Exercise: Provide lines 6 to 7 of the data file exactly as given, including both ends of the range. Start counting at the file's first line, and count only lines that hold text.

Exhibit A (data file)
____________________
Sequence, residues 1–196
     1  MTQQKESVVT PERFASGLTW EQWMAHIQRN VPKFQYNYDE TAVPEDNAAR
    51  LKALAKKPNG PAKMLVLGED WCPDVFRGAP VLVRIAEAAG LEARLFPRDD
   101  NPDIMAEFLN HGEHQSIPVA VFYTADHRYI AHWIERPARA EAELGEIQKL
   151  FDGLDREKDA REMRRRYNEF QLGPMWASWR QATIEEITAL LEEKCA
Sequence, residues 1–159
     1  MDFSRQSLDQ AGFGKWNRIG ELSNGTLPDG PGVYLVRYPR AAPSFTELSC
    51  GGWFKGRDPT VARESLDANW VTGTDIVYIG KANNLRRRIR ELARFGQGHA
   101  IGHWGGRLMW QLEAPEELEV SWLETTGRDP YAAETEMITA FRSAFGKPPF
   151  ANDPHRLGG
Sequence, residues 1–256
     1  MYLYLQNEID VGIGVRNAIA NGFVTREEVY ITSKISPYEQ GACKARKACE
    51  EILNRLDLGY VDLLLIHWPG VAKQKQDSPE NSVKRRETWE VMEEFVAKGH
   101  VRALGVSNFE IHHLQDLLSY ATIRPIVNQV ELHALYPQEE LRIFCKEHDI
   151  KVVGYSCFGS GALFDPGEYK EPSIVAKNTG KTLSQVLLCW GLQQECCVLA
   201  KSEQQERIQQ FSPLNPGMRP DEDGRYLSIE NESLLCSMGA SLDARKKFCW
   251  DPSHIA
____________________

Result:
Sequence, residues 1–159
     1  MDFSRQSLDQ AGFGKWNRIG ELSNGTLPDG PGVYLVRYPR AAPSFTELSC